LG Does March Wrong
The single most tone-deaf marketing campaign in recent history commences, in any number of commercials that have wallpapered TV coverage of the 2012 NCAA hoops tournament, with the following cornball flourish: "Is it 'March monotony'? Is it 'March more-of-the-same'? No-ho-ho-ho! It's 'March Madness,' people!" The campaign arrives courtesy of LG and current pundit/former college and pro star Greg Anthony, who attempt with no small measure of corporate gusto to link enjoyment of the games with the quality and character of surrounding appliances. It is overplayed and underthought, and I hate it with the unbridled heat of a thousand off-brand convection ovens.
I hate everything about it. I hate its desperate alliteration and the faux-chumminess of its "hey, fella!" approach. Mostly I hate the utter absurdity of its premise: The NCAA tournament is the single sporting event that appeals to aficionado, office-pool casualist and decrepit gambler alike. Nobody has ever suggested that it is monotonous or more-of-the-same, nor that it has downswept vulnerable fans in a maelstrom of monochromatic melancholy.
The campaign has already become a running joke among my sports-rageaholic friends: "Is it 'peanut badder'? Is it 'pea-not terrific'? No-ho-ho-ho! It's 'peanut butter,' people!," etc. Which is why it gives me a pathetic, sadistic jolt of pleasure to announce that the campaign's online components are even dumber and more misguided.
As opposed to the omnipresent TV spots, which assume some kind of wondrous halo effect owing to LG's NCAA sponsorship, the "Do March Right" online clips attempt to sell viewers on the merits of LG appliances. They note specific features and benefits, and linger on the products just long enough to highlight their shininess and curves.
Unfortunately, they also saddle Anthony with a script that engorges itself at the trough of pun. The triple-capacity refrigerator, we're told, is ideal for those occasions "when you need to feed your entire home team!," while the 3D television should be "your number-one recruit!" Elsewhere, Anthony conflates ownership of up-market appliances with domestic tranquility, noting how "LG's innovation in mobile phones, appliances and home-entertainment products bring [sic] families together," not unlike holidays or conjugal visits.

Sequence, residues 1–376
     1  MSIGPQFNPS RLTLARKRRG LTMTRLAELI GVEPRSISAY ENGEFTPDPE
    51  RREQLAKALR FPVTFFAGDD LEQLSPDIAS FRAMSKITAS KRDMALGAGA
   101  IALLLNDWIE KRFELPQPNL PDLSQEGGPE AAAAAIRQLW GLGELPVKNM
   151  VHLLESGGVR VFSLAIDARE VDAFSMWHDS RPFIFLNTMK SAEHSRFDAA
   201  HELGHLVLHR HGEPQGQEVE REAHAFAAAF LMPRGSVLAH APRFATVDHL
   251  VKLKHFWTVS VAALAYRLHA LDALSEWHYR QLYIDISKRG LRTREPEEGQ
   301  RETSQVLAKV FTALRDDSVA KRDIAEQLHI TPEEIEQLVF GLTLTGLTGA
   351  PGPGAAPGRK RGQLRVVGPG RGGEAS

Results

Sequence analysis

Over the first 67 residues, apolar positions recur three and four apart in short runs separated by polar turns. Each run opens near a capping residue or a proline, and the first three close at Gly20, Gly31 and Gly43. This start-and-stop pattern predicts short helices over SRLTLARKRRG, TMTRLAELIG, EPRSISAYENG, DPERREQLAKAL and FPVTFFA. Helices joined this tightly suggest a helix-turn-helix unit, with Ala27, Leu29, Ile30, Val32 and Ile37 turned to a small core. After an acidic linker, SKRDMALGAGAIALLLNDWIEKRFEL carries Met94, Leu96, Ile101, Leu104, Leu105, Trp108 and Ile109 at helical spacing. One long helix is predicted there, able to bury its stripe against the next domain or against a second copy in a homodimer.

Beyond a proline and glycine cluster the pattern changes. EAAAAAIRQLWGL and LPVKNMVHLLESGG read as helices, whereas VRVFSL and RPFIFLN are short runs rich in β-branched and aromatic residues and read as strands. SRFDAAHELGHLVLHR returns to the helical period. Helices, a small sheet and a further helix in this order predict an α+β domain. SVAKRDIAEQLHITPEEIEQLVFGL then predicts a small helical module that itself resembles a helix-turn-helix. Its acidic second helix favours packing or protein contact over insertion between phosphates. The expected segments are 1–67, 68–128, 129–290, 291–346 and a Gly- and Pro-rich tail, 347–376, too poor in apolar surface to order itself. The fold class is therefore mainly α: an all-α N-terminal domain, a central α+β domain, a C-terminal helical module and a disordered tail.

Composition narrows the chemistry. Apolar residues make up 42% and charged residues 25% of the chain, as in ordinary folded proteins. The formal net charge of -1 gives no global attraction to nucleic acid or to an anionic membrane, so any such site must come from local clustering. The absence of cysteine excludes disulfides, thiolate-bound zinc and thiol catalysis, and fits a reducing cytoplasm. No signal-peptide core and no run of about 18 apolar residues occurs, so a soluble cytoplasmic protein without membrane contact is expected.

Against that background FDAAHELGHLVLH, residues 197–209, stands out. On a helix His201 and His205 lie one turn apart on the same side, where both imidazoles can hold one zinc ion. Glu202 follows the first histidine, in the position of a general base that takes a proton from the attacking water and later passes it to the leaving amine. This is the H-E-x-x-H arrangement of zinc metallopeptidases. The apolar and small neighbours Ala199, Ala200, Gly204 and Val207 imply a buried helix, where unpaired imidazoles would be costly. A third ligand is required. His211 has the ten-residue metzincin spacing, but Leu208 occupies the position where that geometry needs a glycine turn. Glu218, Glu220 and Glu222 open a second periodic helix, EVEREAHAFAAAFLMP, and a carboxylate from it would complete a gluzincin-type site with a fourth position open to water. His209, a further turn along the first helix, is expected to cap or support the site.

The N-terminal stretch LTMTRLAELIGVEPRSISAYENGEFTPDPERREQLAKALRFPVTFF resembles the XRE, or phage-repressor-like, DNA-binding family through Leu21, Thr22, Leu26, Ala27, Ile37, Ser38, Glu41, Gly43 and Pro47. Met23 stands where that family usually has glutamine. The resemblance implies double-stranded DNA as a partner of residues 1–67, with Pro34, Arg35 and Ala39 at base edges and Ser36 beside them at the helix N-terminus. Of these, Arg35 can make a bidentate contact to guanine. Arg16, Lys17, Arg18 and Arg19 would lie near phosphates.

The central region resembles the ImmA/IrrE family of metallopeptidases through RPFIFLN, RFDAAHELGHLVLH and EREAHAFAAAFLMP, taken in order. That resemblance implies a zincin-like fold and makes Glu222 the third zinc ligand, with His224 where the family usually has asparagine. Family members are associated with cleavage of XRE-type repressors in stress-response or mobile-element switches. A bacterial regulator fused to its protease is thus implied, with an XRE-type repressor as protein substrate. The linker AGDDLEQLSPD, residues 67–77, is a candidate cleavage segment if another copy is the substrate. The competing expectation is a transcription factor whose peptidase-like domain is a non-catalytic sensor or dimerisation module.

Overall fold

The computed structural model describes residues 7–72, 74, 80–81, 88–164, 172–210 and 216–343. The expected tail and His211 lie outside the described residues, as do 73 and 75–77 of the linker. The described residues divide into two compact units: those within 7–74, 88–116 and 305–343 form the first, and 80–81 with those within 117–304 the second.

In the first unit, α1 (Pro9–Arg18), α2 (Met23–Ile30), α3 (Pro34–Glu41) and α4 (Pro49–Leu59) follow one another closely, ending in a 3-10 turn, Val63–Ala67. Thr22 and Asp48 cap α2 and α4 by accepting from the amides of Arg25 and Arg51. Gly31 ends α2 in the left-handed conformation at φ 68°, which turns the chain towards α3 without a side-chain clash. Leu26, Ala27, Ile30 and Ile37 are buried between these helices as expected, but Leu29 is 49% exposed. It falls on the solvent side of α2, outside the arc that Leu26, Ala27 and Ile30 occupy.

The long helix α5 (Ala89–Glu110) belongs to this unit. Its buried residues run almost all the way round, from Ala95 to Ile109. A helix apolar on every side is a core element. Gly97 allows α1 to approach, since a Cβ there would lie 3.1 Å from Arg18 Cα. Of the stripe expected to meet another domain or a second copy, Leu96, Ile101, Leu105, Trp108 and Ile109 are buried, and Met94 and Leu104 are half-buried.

"Do March Right" similarly promotes LG's laundry machine and infrared grill as vital cogs in the delicate machine of family harmony: "You can spend less time on your family's laundry and more time watching NCAA basketball with your family"/"You can spend less time cooking for your family and more time watching NCAA basketball with your family." Throw in a spot of sponsor-to-organization sucking up - I'd direct anybody who buys LG's rhapsodic paean to the NCAA to read Joe Nocera's recent New York Times columns chronicling the organization's lawlessness and casual arrogance - and you've got a company that's far worse off than it was before it decided to throw a bunch of money at its bland brand.
Think about it for a second. Prior to "Do March Right," did anybody really have any major pro- or con- feelings vis-à-vis LG? Me, I had a positive impression of its products - not because of some carefully cultivated brand aura or an affiliation with the professional blimp racing tour or anything like that, but because they worked and were a good value for the price. Now, I think LG is a bunch of hams. No branding trumps bad branding.
(Thanks to ChannelMeter for assistance with research and whatnot)